Meanwhile Dern, startled by an invasion of locusts the size of baguettes that are decimating crops across the U.S., also suspects that the bio-firm is scheming, in the words of Simon Bar Sinister and Tears for Fears, to rule the world. She recruits her old pal Neill to help her infiltrate the facility, where Goldblum is gadfly-in-residence, and get proof. Eventually both sets of characters, along with an extremely glamorous pilot (DeWanda Wise) and a handful of other sympathetic parties, converge.

Along they way they are menaced by dinosaurs and other genetically-engineered perils. Raptors stalk our heroes through the streets and over the rooftops of Malta like assassins in a Bourne thriller. Dimetrodons chase them through amber mines. A giant flying Quetzalcoatlus attacks a plane in midair. Monstrous Giganotosaurus and sentimental favorite Tyrannosaurus Rex brawl like Japanese kaiju.  And that's aside from the worst outbreak of giant grasshoppers since 1957's The Beginning of the End.

Best of all, maybe, is an eerie, dreamlike sequence in which Therizinosaurus, a predator that resembles an enormous downy pheasant with claws like giant salad forks, towers over Howard as she lowers her pin-up-beauty face into a swampy green pool. This scene is a good example of a strength that has benefitted the whole series but is particularly pronounced in Dominion: the superb sound effects. For all of the movie's visual effects splendors, it's the sounds of the creatures, from the enveloping yet somehow muted bellow of the T-rex to all of the distinctive squawking and hissing and clucking and chittering of the others, that really make them scary.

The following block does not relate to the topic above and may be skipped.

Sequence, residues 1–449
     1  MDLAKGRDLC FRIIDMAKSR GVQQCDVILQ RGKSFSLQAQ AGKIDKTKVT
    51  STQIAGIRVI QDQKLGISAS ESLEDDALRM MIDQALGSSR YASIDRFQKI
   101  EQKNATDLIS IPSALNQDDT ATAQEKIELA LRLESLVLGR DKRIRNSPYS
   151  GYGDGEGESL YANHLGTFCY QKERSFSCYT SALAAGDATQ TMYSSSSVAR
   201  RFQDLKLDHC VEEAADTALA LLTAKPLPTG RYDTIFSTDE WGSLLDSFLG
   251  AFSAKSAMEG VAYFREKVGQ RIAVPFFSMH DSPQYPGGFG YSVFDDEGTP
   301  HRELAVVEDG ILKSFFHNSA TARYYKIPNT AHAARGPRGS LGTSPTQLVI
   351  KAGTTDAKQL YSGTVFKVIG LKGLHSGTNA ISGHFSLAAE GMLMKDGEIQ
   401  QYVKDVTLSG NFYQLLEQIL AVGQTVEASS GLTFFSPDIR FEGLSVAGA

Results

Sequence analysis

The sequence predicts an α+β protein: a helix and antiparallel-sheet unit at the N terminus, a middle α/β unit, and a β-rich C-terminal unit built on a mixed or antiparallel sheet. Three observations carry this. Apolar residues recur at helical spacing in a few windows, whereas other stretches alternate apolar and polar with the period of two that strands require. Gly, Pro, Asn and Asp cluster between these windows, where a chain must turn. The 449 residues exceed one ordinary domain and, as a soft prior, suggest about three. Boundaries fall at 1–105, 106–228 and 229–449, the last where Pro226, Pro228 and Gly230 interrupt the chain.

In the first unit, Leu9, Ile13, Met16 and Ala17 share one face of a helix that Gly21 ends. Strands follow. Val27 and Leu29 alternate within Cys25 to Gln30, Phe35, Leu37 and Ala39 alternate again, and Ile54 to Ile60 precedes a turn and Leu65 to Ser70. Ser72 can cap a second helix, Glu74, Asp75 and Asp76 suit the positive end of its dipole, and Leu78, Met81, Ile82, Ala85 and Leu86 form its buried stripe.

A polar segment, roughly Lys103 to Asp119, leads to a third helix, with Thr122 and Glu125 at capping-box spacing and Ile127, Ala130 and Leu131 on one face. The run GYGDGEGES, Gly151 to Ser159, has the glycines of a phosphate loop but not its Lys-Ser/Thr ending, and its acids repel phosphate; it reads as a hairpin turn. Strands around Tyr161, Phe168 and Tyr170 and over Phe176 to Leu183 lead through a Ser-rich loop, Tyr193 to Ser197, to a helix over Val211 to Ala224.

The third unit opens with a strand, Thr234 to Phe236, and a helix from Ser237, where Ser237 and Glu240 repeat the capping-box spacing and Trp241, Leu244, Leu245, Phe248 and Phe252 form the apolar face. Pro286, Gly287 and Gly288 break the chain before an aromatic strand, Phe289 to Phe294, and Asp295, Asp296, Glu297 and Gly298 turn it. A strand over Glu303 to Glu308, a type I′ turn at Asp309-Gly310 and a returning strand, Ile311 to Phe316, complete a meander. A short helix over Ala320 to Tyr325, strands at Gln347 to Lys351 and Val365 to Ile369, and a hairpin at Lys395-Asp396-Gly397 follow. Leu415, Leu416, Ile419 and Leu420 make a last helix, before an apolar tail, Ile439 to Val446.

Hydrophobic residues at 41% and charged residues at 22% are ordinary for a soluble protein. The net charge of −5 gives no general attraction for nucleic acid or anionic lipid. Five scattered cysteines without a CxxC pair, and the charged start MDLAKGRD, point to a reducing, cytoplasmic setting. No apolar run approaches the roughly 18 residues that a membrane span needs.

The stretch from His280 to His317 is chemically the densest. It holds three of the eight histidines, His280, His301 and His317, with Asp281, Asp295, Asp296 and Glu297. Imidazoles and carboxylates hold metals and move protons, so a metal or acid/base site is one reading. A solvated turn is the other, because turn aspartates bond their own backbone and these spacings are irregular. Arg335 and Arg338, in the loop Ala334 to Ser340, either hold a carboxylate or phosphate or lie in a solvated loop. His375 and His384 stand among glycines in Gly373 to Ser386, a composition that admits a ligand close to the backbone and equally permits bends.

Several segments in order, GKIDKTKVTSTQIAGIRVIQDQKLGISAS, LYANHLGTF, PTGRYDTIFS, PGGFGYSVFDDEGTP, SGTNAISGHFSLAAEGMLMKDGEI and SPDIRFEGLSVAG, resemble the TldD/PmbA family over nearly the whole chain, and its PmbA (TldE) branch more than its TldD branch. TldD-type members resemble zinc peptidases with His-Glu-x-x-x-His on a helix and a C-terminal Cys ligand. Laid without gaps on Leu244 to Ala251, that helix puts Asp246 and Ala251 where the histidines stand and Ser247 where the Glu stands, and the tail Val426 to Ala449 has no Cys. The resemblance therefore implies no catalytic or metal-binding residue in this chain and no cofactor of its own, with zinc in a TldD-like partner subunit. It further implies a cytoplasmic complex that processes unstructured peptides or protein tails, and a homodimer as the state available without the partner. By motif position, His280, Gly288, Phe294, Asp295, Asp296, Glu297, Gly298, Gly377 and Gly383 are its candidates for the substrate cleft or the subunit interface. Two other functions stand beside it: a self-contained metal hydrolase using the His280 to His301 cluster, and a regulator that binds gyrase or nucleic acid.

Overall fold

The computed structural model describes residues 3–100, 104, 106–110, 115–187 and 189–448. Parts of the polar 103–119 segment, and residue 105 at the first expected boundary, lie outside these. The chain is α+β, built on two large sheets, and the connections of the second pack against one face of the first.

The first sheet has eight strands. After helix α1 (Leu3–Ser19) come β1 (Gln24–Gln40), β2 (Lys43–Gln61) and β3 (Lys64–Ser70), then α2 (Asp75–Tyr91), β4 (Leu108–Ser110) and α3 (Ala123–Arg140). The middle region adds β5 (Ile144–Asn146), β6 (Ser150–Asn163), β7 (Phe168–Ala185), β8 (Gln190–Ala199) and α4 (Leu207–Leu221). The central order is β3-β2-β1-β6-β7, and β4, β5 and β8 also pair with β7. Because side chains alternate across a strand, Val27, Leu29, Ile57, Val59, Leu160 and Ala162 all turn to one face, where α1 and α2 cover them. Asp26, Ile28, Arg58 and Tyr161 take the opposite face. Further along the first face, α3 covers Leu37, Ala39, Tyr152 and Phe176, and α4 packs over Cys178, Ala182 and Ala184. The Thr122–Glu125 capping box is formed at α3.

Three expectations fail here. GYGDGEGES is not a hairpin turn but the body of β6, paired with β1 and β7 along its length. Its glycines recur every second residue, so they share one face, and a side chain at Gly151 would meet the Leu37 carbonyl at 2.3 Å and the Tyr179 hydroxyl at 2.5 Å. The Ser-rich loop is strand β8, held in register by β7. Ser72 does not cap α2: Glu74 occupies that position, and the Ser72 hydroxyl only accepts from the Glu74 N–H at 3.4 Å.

On the downside, with as much objectivity as I can muster as a sucker for dinosaurs, I must note that the dialogue in Dominion seems bland and inexpressive; even Goldblum has to push his comically diffident delivery harder than usual to wring laughs out his lines. And the story is so unnecessarily scattered that the movie loses momentum at times.

Trevorrow is an admirably free-wheeling talent; he made 2015's Jurassic World a wild ride. With a tighter, more streamlined rescue-mission plot, this one could have been similarly edge-of-the-seat. On the other hand, if it was a tighter movie, it might have lost some of its eccentricity, and therefore some of its magic.

Wednesday, June 8, 2022


With Jurassic World Dominion opening this weekend, Your Humble Narrator has been more than usually preoccupied with dinosaurs, which is surely saying something. Thus, going through stacks of my old comics, I've noticed a recurrent motif:

Kona, Monarch of Monster Isle; Dell 1965:

Fantastic Four; Marvel 1975:

Jungle Action Featuring The Black Panther; Marvel 1975:

Marvel Two-in-One, Marvel, 1983:

Judge Dredd; Eagle Comics 1984:

Aquaman; DC 1992:

Shanna the She-Devil; Marvel 2005:

And finally, Superman in Action Comics; DC 1991:

So, just as Anaïs Nin chronicled her erotic adventures in Paris, and as George Orwell recorded his experiences in the Spanish Civil War, I will here thrill you with a tale from the world of obsessive comic hoarding: I had long sought a copy of that Action Comics issue with the beautiful Kerry Gammill cover, and spent hours in various comic stores and junkshops digging through dusty boxes of old funnybooks hoping to turn one up, without success. I resisted the temptation to simply order one from Amazon or eBay on the grounds that it would be far more satisfying to find one through honest rummaging, and that if I cheated and ordered a copy online I would soon face the bitter comeuppance of then finding it, probably for less money.

But one day, with the kind birthday present of an Amazon gift certificate further weakening me, I broke down and ordered. No joke, TWO DAYS LATER, as I strolled the aisles of a junkshop, I spotted a box of comics, idly flipped through the first two or three in it, and...there it was. For about four dollars less.

So now I have two...